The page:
Bond Clement

Tim, I'd say, we don't have any real shut-in forecast, but we do have some limited amount of hurricane risking in both the third and fourth quarter, but I would just say, we are getting our hands around the assets through an integration process and you're trying to compare the two midpoints of two ranges to come up with your thesis that production guidance will stay really flat. Let's just, let's rollout third quarter and see where fourth quarter flushes washes out.

Todd Zehnder

And I think just to add something to that. You'll see a lot of our activity that's ramping up for the second half of the year, it's going to have an impact of our production later this year and into 2014, specifically when you have a rig work, and our first rig that's going to be going into the liquids-rich area is going to be drilling a five-well pad, if I remember correctly. So you're going to have that impact really coming on later in the year and additionally most of the things that we have, aren't going to be driving much near-term production but you should have a great run rate towards the end of the year.

Tim Rezvan - Sterne, Agee

That's a Woodford five-well pad you're going to start drilling?

Todd Zehnder

I think its five wells. Call back on that, but I'm pretty sure, it's either a five or six well pad.

Tim Rezvan - Sterne, Agee

And then just to confirm as you ramp to three rigs next year in the Woodford, do those rigs, will they be able to drill Miss Lime wells, if you want to revert them?

Todd Zehnder

Yeah, we could actually. We're going to a smaller rig than we've used in the past for our Woodford drilling because on the western side of the trend, in the liquids area, it's a shallower part of the trend. And so that's one of the reason why we had a slight delay with getting a rig that was more fit to purpose for the western side and based on the results that we see, once we have the 3D data and that would probably be about the right size rig to have go drill Mississippi Lime well if we chose.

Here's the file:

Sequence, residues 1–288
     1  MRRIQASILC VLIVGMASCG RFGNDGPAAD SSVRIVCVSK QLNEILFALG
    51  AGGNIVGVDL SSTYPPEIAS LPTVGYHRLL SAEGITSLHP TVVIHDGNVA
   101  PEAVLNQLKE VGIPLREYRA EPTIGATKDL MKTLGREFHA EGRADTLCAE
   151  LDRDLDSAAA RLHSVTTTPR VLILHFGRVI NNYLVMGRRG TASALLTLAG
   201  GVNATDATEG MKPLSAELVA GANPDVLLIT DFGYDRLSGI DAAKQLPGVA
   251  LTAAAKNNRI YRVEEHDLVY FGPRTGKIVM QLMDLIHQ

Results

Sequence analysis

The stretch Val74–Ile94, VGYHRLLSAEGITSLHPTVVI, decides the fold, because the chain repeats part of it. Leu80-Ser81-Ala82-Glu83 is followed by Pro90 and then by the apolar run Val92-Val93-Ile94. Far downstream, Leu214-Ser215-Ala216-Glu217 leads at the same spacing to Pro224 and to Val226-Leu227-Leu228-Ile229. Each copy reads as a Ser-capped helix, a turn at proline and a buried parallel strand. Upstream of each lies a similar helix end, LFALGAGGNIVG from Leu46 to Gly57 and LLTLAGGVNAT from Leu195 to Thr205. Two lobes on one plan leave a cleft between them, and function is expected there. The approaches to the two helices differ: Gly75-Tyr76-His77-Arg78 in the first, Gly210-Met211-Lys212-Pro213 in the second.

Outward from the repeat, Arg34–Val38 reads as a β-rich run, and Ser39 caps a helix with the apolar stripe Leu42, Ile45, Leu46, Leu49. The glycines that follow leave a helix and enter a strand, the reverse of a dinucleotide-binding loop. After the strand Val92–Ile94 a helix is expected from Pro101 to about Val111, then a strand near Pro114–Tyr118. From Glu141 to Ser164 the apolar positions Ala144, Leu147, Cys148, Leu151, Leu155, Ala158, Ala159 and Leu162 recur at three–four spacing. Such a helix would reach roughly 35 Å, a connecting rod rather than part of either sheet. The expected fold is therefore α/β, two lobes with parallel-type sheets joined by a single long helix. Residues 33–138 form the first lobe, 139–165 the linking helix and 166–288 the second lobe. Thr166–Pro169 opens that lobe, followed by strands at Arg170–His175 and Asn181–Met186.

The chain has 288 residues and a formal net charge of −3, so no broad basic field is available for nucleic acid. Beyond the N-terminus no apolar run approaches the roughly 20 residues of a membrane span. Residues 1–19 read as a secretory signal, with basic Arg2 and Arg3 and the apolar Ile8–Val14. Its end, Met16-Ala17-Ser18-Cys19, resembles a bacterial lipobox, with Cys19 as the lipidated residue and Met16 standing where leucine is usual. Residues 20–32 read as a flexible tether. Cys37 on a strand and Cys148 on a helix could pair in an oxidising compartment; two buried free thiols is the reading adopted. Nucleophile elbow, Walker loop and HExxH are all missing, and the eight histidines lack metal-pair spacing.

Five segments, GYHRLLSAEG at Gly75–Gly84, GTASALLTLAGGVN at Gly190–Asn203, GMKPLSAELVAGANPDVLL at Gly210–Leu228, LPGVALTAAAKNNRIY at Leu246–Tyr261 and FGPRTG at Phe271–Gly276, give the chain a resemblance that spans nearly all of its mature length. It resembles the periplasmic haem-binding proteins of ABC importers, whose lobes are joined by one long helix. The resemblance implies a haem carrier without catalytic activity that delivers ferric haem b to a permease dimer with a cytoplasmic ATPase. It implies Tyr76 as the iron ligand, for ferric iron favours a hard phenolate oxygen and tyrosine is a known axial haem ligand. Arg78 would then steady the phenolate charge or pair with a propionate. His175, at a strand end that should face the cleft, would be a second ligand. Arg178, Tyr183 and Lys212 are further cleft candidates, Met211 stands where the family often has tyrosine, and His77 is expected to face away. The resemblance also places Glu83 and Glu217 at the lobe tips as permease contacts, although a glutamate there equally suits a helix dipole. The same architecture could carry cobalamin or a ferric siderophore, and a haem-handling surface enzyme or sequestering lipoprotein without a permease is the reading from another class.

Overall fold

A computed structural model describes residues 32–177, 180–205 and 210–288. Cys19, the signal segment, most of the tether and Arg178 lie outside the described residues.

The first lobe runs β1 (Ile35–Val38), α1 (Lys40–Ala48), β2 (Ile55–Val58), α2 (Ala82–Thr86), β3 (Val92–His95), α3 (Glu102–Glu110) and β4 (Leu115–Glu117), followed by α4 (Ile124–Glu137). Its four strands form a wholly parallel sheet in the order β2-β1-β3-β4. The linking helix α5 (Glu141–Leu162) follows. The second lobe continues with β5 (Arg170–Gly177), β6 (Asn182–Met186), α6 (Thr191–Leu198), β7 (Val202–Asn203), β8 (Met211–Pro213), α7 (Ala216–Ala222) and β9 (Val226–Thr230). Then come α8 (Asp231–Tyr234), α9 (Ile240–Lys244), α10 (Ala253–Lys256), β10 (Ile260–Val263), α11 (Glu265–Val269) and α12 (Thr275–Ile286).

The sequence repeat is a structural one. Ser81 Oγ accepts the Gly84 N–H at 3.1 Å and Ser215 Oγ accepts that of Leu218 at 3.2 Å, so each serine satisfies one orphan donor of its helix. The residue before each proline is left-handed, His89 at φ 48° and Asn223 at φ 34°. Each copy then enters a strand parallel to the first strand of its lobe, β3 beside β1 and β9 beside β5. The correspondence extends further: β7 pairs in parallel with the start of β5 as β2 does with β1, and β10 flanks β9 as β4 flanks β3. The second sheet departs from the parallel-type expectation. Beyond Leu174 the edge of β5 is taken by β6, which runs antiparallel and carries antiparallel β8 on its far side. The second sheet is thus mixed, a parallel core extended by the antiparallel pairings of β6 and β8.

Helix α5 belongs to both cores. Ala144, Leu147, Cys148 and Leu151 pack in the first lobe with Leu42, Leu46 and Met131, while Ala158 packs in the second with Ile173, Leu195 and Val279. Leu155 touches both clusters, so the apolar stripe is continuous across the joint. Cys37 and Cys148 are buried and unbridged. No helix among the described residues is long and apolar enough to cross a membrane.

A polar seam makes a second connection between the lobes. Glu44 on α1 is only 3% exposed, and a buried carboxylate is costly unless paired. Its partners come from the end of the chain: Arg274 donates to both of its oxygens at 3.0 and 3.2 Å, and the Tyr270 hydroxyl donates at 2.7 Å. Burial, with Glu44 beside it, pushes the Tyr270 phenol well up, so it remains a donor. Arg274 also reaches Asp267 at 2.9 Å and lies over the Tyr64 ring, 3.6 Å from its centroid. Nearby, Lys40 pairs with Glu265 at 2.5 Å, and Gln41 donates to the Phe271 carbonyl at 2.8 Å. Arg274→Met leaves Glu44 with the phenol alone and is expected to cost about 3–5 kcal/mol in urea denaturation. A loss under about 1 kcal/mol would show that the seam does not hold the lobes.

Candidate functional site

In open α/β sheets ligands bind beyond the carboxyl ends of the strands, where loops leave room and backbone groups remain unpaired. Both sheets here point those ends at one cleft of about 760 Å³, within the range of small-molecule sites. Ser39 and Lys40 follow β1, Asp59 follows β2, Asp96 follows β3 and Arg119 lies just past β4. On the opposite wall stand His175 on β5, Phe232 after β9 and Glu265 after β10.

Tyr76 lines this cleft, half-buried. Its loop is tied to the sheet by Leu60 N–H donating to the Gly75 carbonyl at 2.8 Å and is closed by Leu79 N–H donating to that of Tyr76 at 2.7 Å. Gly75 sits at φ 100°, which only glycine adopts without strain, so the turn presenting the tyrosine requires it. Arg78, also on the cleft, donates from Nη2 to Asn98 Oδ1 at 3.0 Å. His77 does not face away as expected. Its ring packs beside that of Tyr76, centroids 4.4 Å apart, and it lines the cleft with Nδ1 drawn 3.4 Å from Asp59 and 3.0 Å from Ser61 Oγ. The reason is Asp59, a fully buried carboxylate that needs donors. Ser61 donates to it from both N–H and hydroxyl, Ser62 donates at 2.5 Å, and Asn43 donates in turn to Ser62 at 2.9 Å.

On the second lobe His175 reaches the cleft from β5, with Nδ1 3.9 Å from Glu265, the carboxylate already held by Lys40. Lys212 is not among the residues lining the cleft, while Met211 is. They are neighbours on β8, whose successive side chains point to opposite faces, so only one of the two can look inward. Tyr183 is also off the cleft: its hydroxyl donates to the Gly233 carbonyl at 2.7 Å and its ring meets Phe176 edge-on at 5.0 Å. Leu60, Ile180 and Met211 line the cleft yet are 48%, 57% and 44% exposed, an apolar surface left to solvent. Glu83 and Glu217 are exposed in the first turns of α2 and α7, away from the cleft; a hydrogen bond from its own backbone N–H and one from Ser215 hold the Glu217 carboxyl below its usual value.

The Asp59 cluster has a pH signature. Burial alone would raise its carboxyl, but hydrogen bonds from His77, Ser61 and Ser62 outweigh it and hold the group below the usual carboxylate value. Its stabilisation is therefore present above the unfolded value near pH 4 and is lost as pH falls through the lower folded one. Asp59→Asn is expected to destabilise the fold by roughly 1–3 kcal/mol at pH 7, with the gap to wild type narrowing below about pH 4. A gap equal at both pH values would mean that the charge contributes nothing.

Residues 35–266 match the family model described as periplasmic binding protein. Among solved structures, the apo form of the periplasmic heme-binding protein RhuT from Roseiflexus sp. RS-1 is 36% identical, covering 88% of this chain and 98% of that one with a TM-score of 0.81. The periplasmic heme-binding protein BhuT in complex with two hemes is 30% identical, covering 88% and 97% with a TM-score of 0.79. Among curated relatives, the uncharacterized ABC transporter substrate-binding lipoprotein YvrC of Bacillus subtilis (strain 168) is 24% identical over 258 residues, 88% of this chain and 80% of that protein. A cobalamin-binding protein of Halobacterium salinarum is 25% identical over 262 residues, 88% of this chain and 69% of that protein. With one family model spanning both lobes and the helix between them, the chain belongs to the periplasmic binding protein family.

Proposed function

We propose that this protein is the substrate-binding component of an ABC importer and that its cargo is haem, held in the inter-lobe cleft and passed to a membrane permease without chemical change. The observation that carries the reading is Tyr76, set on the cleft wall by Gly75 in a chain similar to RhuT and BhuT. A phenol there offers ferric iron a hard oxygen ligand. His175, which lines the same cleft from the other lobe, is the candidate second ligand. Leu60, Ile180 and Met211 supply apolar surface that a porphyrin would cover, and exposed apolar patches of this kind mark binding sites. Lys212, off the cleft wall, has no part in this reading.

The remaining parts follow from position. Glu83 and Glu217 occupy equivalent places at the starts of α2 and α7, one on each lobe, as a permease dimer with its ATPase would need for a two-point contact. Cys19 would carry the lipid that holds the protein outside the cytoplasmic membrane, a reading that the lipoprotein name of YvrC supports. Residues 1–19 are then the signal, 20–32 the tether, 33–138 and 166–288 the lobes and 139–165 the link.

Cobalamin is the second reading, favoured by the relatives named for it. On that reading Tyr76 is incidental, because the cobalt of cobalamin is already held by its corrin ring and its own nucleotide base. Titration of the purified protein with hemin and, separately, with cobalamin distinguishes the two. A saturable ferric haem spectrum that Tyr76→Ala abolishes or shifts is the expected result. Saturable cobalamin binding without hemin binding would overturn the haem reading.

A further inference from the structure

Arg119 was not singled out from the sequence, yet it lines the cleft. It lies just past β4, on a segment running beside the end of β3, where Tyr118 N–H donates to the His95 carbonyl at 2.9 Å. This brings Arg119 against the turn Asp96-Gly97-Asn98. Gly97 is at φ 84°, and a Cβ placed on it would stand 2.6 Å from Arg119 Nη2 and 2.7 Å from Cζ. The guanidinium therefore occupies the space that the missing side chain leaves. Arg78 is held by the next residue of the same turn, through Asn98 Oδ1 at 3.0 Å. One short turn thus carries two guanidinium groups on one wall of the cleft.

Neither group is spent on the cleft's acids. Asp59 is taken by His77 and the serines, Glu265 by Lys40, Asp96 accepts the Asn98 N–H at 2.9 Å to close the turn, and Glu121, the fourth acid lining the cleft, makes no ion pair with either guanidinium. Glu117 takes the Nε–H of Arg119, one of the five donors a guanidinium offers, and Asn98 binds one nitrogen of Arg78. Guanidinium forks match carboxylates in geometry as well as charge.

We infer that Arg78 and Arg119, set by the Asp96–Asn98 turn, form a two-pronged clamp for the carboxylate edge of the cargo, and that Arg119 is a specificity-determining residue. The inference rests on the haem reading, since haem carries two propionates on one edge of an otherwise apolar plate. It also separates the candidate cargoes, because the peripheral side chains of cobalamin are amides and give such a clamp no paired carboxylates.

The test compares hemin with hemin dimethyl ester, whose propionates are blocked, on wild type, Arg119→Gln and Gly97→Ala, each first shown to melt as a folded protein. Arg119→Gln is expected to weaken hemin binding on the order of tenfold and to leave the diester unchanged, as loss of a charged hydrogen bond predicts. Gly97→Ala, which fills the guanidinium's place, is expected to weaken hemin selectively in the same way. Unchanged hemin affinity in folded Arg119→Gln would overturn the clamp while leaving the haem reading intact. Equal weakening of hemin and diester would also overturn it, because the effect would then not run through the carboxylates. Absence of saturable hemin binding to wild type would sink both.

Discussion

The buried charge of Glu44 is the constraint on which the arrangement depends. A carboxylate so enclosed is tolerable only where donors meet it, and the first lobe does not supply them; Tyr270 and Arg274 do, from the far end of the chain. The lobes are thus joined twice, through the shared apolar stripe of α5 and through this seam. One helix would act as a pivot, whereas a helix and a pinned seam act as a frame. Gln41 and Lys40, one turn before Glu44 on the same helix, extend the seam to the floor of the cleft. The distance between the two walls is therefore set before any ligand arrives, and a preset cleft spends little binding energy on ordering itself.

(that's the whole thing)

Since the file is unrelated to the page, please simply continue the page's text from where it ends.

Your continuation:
Tim Rezvan - Sterne, Agee

And then this one maybe for, Bond, with the new debt that you have, does that have similar call provision as the old debt?

Bond Clement

Yes, the new notes are virtually identical to the old notes, so same call provision, same covenant package et cetera.

Tim Rezvan - Sterne, Agee

And is the call, is it 2014 when you'd have the option to call those?

Bond Clement

September 2014 is the first call, that's correct.

Tim Rezvan - Sterne, Agee

And then just one last one, I am trying to get little more detail on the Thunder Bayou. I know you have some unitization issues to work out, when you say end of fourth quarter can you give in more specificity on when you hope or when you think you might be able to start drilling? And then would that be more of first quarter '13 or maybe even with your first quarter earnings report, when we might hear results?

Todd Zehnder

Our internal, call it, estimate at this point at beginning of November spud date, and that's depended on unitization permit and then ultimately rig availability or just overall service community availability, which at this point we think at early November timeline should be achievable. With that timing, I would then call it mid-first quarter, we ought to have well results on that. So I am not when it will exactly be, depending on when we spud and how the operation goes, it could be around our yearend earnings call, first call or somewhere around there, but obviously a lot of things are up in the air on that right now.

Operator

The next question comes from Richard Tullis of Capital One Southcoast.

Richard Tullis - Capital One Southcoast

Todd, jumping over to the upcoming exploration wells planned, what's the estimated cost to drilling complete, say, Sawgrass, Tokay and Thunder Bayou.

Todd Zehnder

Tokay, in the most near term from an 8.8 drill cost that will be probably about $7 million from a gross basis to drill, and then if successful you would have about $3 million completion. We will be tied in our existing Ship Shoal 32 facilities. So there is not too much incremental facilities cost. From Bayou, the cost standpoint the drilling cost there is roughly $5 million. That one with success would have a facilities cost and that we will have a longer pipeline to lay. I think all in, that project will have success capital of somewhere in the $9 million to $10 million range, of which we have a third or 40% of that.